Healdsburg’s storied Villa Chanticleer is on the verge of being privatized in an attempt to end years of losses incurred by the city.
The City Council at 6 p.m. Monday is scheduled to consider leasing it to an outside operator to manage events and still offer preferred pricing for residents and local nonprofit groups.
The Villa has been run by the city for more than a half-century, but losses averaging $100,000 annually in recent years prompted a search for a private entity to take it over.
Tayman Park Golf Group, the same company that has managed the city’s golf course for 15 years, has applied to take over the hillside facility and is being recommended for approval by city staff.
The company also operates publicly-owned golf courses and clubhouses in Ukiah, San Rafael and at the Sonoma County Fairgrounds.
“It’s exciting for us to work with a private company to maximize revenue while still providing a great service to our community,” Assistant City Manager David Mickaelian said Friday.
“I think it’s really positive for the city and really positive for the Villa,” said Mayor Jim Wood. “It’s such an important part of the community.”
Located near the top of Fitch Mountain, the Villa Chanticleer has been the venue for school proms and celebrations, fundraisers, marriages and memorials.
The 6,000-square-foot facility was established as an exclusive French family resort until it was taken over by gamblers in the 1940s. After sitting empty for years, the city acquired it in the late 1950s for use as a community center and park.
Healdsburg previously was able to subsidize Villa Chanticleer with redevelopment money, but the state did away with those programs in 2012.
Several years ago the city formed a subcommittee to identify needed improvements and brainstorm ways to increase revenue.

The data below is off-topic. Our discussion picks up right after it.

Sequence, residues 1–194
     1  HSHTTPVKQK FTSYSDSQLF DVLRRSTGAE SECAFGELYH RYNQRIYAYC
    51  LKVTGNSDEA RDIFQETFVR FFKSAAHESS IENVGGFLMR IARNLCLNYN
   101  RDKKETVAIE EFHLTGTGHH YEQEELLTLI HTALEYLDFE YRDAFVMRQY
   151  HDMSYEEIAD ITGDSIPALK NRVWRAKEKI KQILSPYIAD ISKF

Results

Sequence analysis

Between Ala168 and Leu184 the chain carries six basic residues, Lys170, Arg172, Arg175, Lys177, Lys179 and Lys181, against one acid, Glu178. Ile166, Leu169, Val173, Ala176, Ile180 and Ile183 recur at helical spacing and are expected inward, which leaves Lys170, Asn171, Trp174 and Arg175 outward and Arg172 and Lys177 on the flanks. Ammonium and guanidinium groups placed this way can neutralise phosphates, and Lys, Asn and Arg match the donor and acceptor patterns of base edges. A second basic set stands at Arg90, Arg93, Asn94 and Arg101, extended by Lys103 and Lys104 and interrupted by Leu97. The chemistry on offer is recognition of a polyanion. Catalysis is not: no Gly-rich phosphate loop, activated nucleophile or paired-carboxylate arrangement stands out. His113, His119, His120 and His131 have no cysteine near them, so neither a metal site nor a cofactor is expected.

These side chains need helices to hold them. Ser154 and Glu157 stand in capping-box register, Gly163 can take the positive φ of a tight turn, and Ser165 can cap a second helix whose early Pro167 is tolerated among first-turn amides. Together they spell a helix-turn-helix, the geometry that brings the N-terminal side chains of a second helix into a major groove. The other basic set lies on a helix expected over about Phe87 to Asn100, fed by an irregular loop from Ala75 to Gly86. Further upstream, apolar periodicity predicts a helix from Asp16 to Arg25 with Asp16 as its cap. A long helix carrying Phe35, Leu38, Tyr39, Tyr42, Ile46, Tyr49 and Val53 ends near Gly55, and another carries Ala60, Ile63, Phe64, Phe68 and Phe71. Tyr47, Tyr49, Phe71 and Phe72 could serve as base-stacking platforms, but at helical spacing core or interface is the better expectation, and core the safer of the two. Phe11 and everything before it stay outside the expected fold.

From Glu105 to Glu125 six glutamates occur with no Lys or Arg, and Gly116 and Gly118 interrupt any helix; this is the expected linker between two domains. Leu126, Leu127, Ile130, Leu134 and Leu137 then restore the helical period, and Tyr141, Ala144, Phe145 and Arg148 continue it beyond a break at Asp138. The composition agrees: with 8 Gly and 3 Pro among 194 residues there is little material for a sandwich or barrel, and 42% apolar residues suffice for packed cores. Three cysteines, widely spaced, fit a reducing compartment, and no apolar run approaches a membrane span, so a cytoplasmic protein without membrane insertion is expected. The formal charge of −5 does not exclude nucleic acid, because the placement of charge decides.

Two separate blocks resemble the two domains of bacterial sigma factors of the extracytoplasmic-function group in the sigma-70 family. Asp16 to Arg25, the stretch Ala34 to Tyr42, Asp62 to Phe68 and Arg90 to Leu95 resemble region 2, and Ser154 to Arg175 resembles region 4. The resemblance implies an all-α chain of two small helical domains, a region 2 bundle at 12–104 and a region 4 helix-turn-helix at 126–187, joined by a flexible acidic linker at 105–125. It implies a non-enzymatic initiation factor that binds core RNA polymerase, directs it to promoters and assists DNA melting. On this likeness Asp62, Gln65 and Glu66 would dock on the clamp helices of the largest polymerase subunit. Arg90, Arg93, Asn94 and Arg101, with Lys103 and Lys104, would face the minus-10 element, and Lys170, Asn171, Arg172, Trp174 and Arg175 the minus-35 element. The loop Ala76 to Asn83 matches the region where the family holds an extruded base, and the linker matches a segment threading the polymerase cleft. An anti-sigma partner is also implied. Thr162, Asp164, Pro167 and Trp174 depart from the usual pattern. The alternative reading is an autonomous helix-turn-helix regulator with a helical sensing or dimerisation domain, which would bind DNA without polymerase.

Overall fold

One idea that emerged was for a private operator who could host multiple, concurrent facility rentals, run a catering business out of the Villa kitchen, offer on-site food and beverage sales and service, and rent or lease out the cabins on the property.
The subcommittee also determined a private entity would have greater flexibility to set aside some revenue for capital improvements and deferred maintenance.
“Sometimes government doesn’t operate things as efficiently as you like to see. We’re not in the event-center business,” Wood said Friday.
Under the contract proposal being considered by the City Council, the Tayman Group would lease the facility for five years with options to extend it for three successive five-year terms.
The lessee gets to keep all revenues up to $300,000 and be responsible for maintenance. But for revenues from $300,000 to $530,000, 70 percent would go into a separate capital improvement account administered by the city.
The operator would also provide a resident discount of 10 percent to 30 percent off the regular facility rental fee and a discount of 50 percent to 70 percent for resident nonprofit groups.
The American Legion would continue to have a bar and liquor license there, but curtail its activities to the Villa annex. The Tayman Park Golf Group would submit an application for a separate liquor license for the main facility.
James Stewart, president of Tayman Group, was traveling and unavailable to comment Friday on his company’s plans for the Villa Chanticleer.
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